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January 28 2013

“Thumbprint portrait” by Cheryl Sorg

The Girl and Her Books
Tags: book arty
Reposted bybloodymilkmaraskowagosialaptyprzykrytypieclementiines11ampunkracyhawakblondegirlzzuuoomalinowowamynameboringsoupunenlaaaksobeltanevreinermyinspirationcptHigh-KeyLibrariansune-raconteuseambiguouszymgunt3wazatociotazooziaamagicalplaceulaeirenaturquoisebeesmillamentispenetralia
I’m on a side of a road somewhere, stuck in the middle of a very deep hole, with no way of getting out. Never mind how I got in there, it’s not relevant to the story. I’ll invent a back-story… I was walking to get pizza and a chasm opened up in the earth and I fell in, and now I’m at the bottom of this hole, screaming for help. And along comes you. Now, maybe you just keep walking. You know, there’s a strange guy screaming from the center of the Earth. It’s perhaps best to just ignore him. But let’s say that you don’t. Let’s say that you stop. The sensible thing to do in this situation is to call down to me and say “I’m going to look for a ladder. I will be right back.” But you don’t do that. Instead you sit down at the edge of this abyss, and then you push yourself forward, and jump. And when you land at the bottom of the hole and dust yourself off, I’m like “What the hell are you doing?! Now there are two of us in this hole!” And you look at me and say, “Well yeah, but now I’m highly motivated to get you out.” This is what I love about novels, both reading them and writing them. They jump into the abyss to be with you where you are.
John Green at Carnegie Hall “Evening of Awesome” 1/15/13
Reposted byFlypnulvarbloodymilkthe-cat
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January 26 2013

You forget everything. The hours slip by. You travel in your chair through centuries you seem to see before you, your thoughts are caught up in the story, dallying with the details or following the course of the plot, you enter into characters, so that it seems as if it were your own heart beating beneath their costumes.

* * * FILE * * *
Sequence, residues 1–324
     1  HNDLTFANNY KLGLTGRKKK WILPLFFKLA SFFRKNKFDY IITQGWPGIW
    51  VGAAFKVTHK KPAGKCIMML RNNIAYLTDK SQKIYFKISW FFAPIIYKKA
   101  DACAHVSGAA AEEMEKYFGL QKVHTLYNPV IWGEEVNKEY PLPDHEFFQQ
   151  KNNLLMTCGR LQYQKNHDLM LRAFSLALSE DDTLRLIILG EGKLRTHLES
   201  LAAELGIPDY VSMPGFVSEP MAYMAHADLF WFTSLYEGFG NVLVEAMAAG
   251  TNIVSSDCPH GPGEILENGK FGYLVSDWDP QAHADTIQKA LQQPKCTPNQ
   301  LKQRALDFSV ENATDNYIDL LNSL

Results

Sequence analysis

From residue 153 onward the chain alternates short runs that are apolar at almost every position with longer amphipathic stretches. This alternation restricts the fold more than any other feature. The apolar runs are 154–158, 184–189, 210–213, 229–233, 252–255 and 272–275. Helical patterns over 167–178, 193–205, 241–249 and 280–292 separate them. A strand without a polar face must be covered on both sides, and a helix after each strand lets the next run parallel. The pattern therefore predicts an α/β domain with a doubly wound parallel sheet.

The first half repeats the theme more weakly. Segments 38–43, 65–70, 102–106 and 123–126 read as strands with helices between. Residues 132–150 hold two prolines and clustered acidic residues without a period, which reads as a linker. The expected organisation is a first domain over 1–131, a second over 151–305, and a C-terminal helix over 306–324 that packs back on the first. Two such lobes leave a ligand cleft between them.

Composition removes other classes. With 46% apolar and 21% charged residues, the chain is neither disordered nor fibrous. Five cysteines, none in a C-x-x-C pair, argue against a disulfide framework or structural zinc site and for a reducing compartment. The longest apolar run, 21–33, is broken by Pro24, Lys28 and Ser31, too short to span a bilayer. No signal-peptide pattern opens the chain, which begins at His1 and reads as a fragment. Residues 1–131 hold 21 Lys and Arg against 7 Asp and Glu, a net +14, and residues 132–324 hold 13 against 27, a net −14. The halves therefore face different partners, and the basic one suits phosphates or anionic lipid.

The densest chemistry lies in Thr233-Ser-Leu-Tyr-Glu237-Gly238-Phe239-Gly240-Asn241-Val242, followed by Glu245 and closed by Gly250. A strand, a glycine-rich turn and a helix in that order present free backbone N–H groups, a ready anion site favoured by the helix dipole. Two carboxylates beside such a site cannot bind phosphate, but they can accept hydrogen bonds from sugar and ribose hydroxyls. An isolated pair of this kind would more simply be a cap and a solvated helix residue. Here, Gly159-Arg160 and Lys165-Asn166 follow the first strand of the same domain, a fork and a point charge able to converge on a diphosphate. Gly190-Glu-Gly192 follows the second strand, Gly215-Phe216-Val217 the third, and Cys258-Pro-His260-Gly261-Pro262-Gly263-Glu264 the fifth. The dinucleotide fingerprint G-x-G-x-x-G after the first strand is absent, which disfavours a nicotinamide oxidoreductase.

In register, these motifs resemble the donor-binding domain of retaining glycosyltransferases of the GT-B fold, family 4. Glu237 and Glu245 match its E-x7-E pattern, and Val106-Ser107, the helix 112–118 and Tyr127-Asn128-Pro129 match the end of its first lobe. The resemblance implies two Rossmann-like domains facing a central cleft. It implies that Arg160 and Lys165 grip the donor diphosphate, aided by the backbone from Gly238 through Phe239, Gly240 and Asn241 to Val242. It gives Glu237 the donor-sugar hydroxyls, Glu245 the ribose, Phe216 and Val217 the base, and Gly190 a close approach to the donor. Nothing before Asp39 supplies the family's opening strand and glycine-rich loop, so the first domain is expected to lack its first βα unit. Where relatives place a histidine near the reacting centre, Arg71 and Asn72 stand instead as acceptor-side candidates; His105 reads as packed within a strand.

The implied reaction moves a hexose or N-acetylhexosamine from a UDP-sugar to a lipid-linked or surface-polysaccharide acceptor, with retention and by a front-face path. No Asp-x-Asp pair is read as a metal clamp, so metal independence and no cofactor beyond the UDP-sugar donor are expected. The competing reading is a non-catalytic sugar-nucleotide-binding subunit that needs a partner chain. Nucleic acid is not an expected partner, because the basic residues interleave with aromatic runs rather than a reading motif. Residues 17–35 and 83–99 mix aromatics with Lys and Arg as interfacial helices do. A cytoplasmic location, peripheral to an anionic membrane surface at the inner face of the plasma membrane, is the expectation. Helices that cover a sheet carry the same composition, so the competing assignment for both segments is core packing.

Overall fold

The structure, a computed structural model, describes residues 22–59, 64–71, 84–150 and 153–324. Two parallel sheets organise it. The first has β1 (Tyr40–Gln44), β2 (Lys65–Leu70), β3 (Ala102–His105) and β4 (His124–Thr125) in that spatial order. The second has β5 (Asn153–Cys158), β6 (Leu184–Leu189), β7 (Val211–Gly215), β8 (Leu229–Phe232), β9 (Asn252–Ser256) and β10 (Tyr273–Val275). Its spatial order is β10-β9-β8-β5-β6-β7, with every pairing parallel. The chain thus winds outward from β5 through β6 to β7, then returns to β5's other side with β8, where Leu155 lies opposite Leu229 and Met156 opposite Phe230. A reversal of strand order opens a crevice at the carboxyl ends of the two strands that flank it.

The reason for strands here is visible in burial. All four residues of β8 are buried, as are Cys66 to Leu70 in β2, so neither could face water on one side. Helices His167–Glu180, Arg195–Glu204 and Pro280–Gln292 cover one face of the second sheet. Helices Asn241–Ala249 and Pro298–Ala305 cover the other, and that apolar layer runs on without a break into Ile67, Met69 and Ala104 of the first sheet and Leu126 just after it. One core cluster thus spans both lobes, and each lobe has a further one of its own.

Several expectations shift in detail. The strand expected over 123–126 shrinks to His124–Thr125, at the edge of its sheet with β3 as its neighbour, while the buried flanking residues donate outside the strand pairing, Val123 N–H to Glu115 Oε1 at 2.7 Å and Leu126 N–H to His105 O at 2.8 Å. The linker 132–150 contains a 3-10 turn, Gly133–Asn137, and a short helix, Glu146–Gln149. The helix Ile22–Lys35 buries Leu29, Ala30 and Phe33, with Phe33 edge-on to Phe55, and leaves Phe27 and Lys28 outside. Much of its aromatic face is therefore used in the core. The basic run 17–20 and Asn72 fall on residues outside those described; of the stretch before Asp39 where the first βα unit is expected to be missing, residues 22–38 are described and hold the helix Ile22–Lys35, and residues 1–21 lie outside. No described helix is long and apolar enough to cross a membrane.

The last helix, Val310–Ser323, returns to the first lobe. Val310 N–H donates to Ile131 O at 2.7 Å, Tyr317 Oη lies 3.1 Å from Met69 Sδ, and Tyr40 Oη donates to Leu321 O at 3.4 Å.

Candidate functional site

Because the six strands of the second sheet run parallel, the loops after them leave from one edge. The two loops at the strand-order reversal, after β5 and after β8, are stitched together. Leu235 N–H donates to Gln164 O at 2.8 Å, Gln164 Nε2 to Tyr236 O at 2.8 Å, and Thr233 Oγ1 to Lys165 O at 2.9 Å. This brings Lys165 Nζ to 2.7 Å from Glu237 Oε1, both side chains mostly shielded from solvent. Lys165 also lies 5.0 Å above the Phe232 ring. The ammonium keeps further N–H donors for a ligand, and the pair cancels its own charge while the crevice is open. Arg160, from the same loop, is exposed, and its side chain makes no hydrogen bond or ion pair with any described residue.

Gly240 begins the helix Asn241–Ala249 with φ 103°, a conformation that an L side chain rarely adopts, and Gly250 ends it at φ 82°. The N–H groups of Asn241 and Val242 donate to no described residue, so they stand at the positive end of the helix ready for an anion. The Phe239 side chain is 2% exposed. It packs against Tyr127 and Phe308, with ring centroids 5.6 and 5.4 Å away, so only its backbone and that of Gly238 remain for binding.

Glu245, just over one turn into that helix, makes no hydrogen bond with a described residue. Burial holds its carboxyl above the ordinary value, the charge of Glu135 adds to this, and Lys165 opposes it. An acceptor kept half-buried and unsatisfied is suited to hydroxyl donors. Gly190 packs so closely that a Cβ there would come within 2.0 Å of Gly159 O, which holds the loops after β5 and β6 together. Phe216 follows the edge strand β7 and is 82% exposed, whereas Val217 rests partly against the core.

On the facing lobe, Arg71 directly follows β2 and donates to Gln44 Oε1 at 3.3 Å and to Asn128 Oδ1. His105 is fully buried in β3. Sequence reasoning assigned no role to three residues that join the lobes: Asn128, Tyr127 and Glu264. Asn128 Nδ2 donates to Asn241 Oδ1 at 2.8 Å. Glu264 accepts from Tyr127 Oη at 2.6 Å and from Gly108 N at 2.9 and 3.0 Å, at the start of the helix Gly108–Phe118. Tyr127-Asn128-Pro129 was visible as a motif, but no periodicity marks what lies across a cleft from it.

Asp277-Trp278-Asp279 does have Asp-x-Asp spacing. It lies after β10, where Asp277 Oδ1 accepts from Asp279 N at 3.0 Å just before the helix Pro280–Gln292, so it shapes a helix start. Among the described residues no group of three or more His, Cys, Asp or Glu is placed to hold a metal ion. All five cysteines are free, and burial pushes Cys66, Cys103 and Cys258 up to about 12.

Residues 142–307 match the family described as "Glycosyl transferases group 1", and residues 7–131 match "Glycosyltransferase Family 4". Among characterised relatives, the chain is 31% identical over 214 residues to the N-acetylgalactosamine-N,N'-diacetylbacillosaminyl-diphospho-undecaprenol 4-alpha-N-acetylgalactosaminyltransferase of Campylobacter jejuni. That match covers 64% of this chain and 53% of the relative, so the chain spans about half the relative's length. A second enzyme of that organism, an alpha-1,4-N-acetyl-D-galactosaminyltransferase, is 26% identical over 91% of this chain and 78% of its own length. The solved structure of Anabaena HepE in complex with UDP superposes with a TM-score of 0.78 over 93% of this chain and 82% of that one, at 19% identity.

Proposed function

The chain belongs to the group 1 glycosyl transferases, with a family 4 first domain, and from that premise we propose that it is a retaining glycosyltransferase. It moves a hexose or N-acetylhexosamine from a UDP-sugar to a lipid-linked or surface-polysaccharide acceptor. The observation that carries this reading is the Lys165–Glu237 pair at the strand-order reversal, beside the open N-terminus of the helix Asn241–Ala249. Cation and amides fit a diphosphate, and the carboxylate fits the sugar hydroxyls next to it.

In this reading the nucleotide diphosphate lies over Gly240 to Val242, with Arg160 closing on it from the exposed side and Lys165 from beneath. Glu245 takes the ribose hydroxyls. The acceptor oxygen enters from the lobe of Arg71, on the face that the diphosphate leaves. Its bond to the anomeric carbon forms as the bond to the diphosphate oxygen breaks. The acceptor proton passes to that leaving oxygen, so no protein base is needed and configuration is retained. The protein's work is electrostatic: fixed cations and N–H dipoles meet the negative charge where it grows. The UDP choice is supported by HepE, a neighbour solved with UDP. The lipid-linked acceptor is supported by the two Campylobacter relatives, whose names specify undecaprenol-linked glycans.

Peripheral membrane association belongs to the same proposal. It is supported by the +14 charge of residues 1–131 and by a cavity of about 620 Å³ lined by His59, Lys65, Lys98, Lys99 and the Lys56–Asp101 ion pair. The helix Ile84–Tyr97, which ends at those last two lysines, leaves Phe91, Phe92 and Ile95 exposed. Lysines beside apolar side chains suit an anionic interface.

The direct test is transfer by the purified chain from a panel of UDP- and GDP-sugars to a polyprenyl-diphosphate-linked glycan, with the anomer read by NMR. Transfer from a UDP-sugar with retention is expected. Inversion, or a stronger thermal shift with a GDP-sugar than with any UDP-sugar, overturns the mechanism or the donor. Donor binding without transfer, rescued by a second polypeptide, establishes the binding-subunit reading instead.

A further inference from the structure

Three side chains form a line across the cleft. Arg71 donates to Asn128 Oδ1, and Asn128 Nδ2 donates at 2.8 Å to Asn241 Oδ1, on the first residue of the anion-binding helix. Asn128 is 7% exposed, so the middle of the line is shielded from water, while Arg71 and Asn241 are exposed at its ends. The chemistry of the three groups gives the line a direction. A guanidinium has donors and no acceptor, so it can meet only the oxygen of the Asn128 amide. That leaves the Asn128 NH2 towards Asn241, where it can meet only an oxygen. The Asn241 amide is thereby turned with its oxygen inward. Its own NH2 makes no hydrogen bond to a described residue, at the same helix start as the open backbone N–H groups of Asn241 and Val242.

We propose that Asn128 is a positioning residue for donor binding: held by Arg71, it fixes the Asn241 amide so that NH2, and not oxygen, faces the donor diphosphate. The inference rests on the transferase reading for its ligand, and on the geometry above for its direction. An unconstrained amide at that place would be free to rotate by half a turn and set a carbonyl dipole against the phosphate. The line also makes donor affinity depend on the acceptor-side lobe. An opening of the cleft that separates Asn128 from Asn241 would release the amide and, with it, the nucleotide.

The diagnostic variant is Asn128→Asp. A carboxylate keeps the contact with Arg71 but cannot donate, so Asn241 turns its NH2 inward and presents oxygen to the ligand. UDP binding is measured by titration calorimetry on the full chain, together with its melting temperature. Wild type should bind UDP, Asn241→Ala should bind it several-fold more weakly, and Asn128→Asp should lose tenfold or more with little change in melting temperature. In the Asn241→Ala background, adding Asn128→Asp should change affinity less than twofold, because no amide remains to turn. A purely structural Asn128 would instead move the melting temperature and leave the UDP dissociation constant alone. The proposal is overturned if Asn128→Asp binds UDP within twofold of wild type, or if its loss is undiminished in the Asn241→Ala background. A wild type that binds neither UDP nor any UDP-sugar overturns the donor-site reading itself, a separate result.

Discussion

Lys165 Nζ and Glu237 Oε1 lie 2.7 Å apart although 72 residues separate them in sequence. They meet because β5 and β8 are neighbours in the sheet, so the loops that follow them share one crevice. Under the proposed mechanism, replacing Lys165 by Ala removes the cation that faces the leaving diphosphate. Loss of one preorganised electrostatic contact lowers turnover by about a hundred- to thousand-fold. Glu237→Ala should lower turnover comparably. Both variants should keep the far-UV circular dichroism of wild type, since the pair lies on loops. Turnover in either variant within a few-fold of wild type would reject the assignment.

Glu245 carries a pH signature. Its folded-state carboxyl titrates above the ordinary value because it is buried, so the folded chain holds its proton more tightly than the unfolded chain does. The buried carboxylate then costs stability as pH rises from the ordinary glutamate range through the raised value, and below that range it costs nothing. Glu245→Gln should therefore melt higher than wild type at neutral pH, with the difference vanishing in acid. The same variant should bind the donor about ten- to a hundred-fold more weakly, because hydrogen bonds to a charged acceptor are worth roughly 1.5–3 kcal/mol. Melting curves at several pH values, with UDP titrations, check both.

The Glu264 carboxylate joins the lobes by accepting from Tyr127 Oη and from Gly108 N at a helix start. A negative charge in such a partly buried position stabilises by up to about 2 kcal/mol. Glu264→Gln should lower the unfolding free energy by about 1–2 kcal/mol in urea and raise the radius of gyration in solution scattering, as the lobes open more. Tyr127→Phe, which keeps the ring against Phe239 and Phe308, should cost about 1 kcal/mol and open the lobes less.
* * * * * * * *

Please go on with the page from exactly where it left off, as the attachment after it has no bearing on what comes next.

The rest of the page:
Madame Bovary, Gustave Flaubert
Reposted byno-longer-korehuggybearmuvielllexxie

Woke up this morning with
a terrific urge to lie in bed all day
and read. Fought against it for a minute.

Then looked out the window at the rain.
And gave over. Put myself entirely
in the keep of this rainy morning.

Would I live my life over again?
Make the same unforgiveable mistakes?
Yes, given half a chance. Yes.

Raymond Carver, Rain.
Reposted byflamendrmuvielllexxieunenlaaakso

January 25 2013

January 22 2013

January 20 2013

I don’t hold with shamans, witch doctors, or psychiatrists. Shakespeare, Tolstoy, or even Dickens, understood more about the human condition than ever occurred to any of you. You overrated bunch of charlatans deal with the grammar of human problems, and the writers I’ve mentioned with the essence.
Mordecai Richler, Barney’s Version
Reposted bymuviellconcubineblue-berryMoonTide

January 07 2013

January 02 2013

"2013 Book Challenge
It’s time to pick a reading goal for 2013! I chose to read 70 books in 2012, but for my fifth 50 Book Challenge I’m going back to basics and challenging myself to read 50 books this year.

The Rules
1. Choose an amount of books that you want to read in 2013 (e.g. 25, 50, 75, 100)
2. Read, read, read!

The Books
There isn’t a rule about what type books these have to be so read anything you want (novels, short stories, non-fiction, graphic novels, school books…). You can make a list of the books you want to read before you start or you can just choose books as you go along.

The Challenge
To keep track of how much you’re reading, you can use the Goodreads Reading Challenge, create a list (on Tumblr, LiveJournal, LibraryThing, WordPress, your computer), write book reviews, post every book cover - it’s up to you. I personally like to create a 50 Book Challenge page, which I can update easily. You may want to use the #50 book challenge tag so that others can keep up with your progress. Feel free to use the above banner on your page!

However, although this is a quantifiable challenge, the most important thing is that you’re reading and that you’re having fun doing it :)"

From prettybooks
Tags: book
Reposted byizydeevkafrittatensuppesilme

December 30 2012

To be able to talk to your heart’s content about a book you like with someone who feels the same way about it is one of the greatest joys that life can offer.
Haruki Murakami
Reposted byolewkadrusill-ashillenyahaszraakusiolmargotbluelocusprzytulankisiriusminervaMoonTidefun-in-funeral

December 29 2012

A Storm of Swords by flossyflotsam.
Reposted byfusselchenszszszmuvielllocusperfectlyflawedmyname13-daysSeyren
“One night, after my usual nightmare, a shadow stood above me. She said, 'Tell me what you dream of.' So I did.”
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December 28 2012

Jane Austen, Northanger Abbey.
Reposted bymynamejaneaustendazzlingtea-for-onebluejane3u3a

December 26 2012

December 20 2012

Woman Reading by a Window, David Alison.
Reposted byuncutsmaraskowacuilwarthien666harinezumisashthesplashLucinadrusill-aashberryNanutkamuviellrollinsonowaAnna-HexeIhezal
You may have heard the news that the independent bookstore is dead, that books are dead, that maybe even reading is dead—to which I say:
Pull up a chair, friend. I have a story to tell.
The Bookstore Strikes Back, Ann Patchett in "The Atlantic"
Reposted bydrusill-alocussiriusminerva

December 17 2012

December 16 2012

It can be good to start with a shipwreck. Your ideal authors ought to pull you from the foundering of your previous existence, not smilingly guide you into a friendly peaceful harbor.
Christopher Hitchens
Reposted bymuvielllexxie
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